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Monthly Archives: July 2012

For anyone interested, tomorrow (August 1st), I’m having another promotion for Disenchanted on Amazon.  If you’re looking for a good read for the end of summer, grab a Kindle copy of Disenchanted for Free from Amazon!


As I work to edit my upcoming novel, I’m trying to start thinking of the description I’ll place in a query (if I decide to try that route again) or on the various electronic publishers sites (as I did with Disenchanted). 

To help give me a starting point, I’ve looked at some of the books currently available in my chosen genre (YA Fantasy).  I look mainly at “Best Sellers”, since I’m obviously interested in having people read my novel.  Why would I publish, otherwise.  There is a difference between the pedigree of a bestseller on Amazonas opposed to Samshwords, but I think both show value for what I’m interested in.

My reactions to the short descriptions cover the gamut, from interest to outright disgust.  In general, though, I am surprised that so many of these plot descriptions generate best sellers.  There are plots I’ve seen before, and descriptions of what sounds like terribly cliché plots.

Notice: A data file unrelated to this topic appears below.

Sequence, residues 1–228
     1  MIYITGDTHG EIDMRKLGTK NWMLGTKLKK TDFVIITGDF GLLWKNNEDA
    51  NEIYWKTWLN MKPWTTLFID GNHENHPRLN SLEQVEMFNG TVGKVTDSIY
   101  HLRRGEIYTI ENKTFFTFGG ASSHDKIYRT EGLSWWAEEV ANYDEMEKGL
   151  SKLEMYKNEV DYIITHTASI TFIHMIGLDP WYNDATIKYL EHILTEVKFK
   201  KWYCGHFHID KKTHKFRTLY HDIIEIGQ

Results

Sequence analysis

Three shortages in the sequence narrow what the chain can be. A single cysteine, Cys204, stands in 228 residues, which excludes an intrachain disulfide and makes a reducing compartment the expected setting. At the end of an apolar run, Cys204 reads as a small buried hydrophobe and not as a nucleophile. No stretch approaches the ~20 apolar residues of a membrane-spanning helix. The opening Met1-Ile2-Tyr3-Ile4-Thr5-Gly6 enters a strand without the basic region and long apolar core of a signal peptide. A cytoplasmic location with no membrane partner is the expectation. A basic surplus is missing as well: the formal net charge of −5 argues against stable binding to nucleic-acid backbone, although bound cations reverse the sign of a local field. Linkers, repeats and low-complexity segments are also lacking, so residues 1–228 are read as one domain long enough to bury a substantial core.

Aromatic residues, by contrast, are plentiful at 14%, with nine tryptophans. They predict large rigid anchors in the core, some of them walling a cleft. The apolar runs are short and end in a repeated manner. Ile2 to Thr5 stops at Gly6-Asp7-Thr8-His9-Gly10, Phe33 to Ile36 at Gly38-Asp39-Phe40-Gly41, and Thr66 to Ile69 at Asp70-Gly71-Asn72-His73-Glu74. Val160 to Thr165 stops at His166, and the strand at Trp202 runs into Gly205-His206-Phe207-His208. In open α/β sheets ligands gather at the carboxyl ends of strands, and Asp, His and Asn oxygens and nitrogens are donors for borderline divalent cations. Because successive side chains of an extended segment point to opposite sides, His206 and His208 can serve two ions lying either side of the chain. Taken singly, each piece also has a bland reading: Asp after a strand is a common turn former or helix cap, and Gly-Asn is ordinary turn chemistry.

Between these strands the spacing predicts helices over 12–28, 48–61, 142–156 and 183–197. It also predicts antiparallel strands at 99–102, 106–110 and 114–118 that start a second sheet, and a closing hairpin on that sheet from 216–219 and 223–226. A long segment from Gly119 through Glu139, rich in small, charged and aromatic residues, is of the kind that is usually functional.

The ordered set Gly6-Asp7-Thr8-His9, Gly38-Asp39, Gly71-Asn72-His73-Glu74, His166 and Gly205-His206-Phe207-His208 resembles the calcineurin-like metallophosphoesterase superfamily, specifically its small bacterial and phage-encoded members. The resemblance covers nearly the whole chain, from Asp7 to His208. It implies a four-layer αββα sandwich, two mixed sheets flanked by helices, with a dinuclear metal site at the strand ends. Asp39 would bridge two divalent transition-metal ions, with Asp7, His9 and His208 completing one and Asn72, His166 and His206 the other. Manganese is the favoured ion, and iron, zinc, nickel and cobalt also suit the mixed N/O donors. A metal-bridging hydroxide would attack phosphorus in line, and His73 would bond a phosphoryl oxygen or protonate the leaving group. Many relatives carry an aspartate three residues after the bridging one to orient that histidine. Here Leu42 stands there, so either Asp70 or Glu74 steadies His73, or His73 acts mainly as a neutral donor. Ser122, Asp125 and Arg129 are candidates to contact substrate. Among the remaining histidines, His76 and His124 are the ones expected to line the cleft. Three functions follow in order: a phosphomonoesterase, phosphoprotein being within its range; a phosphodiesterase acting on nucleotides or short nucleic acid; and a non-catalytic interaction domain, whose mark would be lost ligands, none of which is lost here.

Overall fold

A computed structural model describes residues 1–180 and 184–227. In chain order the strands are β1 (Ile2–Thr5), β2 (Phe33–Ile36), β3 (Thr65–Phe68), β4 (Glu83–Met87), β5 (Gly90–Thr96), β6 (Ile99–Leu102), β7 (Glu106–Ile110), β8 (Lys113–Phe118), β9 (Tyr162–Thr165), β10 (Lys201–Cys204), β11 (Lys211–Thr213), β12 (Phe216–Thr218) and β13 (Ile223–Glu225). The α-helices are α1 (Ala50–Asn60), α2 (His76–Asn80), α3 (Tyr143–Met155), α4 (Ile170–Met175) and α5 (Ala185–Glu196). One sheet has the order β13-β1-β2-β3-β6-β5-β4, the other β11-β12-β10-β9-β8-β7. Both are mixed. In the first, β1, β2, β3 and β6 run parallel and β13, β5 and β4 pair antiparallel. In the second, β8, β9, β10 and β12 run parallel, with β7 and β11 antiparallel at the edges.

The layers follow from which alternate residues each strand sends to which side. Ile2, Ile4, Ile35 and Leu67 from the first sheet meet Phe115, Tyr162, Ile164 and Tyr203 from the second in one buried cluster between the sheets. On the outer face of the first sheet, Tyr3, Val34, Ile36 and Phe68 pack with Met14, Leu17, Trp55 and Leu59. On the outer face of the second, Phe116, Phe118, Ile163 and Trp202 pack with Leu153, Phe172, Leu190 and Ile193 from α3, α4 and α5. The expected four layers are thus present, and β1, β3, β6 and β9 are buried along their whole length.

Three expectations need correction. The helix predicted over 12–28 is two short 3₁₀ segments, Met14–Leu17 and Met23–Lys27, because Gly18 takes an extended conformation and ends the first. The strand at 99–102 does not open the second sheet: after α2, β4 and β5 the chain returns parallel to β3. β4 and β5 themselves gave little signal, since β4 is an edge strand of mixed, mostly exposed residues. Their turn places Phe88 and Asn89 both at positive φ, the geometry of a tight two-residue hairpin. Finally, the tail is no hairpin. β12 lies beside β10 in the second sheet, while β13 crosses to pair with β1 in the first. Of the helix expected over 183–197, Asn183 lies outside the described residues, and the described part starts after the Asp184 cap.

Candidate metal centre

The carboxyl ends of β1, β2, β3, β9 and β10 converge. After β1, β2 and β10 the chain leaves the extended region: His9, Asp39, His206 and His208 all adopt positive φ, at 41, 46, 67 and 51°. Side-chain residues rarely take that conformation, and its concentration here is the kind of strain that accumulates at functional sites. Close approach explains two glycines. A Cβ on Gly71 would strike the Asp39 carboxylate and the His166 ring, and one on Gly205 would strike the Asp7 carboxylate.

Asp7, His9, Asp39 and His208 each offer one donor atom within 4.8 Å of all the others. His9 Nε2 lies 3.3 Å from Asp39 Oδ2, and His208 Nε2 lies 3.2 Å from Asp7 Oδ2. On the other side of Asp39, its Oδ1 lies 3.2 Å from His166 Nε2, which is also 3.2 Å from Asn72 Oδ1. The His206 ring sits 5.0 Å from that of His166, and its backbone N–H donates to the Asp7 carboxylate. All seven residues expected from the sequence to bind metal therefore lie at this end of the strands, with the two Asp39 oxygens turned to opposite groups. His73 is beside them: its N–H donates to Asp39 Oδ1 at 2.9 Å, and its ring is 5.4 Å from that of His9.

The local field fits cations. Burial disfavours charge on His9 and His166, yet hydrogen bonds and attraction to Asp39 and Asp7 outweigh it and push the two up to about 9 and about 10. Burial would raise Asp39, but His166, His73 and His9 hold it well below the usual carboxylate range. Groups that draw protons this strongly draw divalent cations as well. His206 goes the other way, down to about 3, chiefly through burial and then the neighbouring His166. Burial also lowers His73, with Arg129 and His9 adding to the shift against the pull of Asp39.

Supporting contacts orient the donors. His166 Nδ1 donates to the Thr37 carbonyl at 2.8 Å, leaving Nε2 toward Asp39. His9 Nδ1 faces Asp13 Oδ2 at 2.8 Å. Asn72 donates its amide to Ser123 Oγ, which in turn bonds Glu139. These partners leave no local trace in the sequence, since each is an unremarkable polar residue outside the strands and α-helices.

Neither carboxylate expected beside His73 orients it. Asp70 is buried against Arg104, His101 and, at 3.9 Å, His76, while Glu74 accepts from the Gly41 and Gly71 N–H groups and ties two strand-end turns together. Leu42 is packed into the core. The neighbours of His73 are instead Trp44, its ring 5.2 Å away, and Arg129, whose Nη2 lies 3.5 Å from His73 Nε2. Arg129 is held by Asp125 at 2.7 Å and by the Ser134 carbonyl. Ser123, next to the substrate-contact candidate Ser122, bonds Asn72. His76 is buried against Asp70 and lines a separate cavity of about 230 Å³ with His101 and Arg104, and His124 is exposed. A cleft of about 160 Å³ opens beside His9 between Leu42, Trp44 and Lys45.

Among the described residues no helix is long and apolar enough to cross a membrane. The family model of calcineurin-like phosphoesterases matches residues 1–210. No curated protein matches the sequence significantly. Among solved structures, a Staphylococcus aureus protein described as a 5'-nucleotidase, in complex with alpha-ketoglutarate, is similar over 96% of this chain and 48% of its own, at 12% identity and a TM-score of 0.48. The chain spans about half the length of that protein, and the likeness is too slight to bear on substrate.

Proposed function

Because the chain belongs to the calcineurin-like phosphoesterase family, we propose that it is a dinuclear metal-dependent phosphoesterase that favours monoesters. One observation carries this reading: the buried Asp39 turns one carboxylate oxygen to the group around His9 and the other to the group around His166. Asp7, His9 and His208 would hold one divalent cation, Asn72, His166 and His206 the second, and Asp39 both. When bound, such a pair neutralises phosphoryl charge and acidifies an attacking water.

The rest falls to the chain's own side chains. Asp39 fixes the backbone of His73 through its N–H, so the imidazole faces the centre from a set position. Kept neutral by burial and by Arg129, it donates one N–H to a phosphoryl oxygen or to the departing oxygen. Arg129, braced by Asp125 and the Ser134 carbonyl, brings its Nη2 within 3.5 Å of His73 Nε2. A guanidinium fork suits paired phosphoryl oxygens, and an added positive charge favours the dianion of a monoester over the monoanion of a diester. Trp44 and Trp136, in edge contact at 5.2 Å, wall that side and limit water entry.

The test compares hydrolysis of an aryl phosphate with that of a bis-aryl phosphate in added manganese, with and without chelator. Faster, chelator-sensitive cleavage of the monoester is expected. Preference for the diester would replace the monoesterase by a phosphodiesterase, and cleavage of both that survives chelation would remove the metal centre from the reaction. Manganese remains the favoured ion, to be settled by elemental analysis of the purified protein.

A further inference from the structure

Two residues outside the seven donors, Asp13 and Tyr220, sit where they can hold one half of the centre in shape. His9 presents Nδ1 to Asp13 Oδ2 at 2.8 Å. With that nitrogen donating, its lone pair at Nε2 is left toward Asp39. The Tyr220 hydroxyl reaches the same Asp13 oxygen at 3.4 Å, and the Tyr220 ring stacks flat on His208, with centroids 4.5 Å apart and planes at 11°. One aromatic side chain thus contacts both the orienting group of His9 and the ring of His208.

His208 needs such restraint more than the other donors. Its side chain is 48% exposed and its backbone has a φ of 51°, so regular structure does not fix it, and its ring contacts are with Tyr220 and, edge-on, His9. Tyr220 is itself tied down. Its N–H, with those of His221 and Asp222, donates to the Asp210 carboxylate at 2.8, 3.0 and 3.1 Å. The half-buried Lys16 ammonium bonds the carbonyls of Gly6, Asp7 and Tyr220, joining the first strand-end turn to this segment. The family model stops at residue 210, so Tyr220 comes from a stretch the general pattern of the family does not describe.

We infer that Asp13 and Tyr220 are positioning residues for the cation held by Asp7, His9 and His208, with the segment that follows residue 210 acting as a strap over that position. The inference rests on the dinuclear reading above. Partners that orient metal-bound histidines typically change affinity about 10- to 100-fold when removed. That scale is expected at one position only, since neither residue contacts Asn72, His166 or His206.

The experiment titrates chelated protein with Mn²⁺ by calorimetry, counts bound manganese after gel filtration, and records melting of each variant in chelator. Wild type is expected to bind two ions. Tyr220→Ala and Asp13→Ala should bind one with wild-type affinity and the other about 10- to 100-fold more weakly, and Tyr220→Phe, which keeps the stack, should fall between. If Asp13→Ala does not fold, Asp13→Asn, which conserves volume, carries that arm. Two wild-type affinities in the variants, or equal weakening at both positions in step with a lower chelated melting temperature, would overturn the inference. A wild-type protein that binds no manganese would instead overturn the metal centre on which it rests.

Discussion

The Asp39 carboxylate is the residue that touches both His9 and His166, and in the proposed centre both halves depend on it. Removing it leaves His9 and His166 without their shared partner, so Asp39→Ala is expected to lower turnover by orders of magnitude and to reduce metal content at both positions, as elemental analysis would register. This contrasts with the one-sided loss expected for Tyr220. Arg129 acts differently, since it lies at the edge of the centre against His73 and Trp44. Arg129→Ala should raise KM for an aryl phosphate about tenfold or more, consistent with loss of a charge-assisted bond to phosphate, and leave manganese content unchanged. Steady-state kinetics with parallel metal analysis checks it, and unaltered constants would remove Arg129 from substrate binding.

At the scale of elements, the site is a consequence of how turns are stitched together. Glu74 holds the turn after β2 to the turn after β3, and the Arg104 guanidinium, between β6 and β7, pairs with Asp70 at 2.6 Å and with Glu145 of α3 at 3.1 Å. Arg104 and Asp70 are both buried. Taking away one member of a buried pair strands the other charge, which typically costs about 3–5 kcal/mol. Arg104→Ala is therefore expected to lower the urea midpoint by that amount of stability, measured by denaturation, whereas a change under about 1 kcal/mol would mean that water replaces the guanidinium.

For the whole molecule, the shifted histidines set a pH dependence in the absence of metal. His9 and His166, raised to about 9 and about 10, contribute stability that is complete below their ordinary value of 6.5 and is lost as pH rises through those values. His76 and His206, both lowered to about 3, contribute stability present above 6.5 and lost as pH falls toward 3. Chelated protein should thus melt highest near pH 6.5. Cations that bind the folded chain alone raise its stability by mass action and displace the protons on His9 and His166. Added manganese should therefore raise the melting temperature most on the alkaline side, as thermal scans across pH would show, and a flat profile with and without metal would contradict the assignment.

What I find myself wondering is what makes us actually pick up a book and read the back cover?  What makes us open the cover to read the first page or two?  From there, it starts to be what we’ve always heard as writers and readers: compelling, believable characters, an interesting plot, well crafted prose.

I’d love to hear your thoughts.  What makes you pick up a book and read it?

We all grew up with children’s writers who are now considered classic:  Dr. Suess, and PD Eastman, and Stan and Jan Berenstein for example.  They are among our first exposure to the world of written words.  Not only do they help encourage a love of reading, but they also touch us, amuse us and teach us.  And through it all, they add their little bit to forming the people we will become.

With my children, I can see all this taking place and marvel.  Not only do these books inspire and teach and entertain children, but they entertain parents as well.

There are a couple of new authors (new compared to Suess, that is) that I love.  Sandra Boynton’s books are for the youngest crowd.  With just a few words her sometimes goofy humor engages everyone who reads them.  There are more than a few of her books that I’ve learned by heart.

As my kids grew a little older, Mo Willems quickly became a favorite, whether Pigeon, Elephant and Piggie, or Knuffle Bunny, Mr. Willems show not only his wit, but also his devotion to his own daughter – Trixie – who appears in several of his books.

If you’re a parent, and haven’t read some of these books to your kids, I highly recommend a trip to your local library.  I promise that you’ll enjoy them as much as your kids.  Both of these authors are good for laughs.  If you’re looking for a tear-jerker (for you, not the kids) you’ll have to read Knuffle Bunny Free, but be sure to read the first two installments first to get the full effect.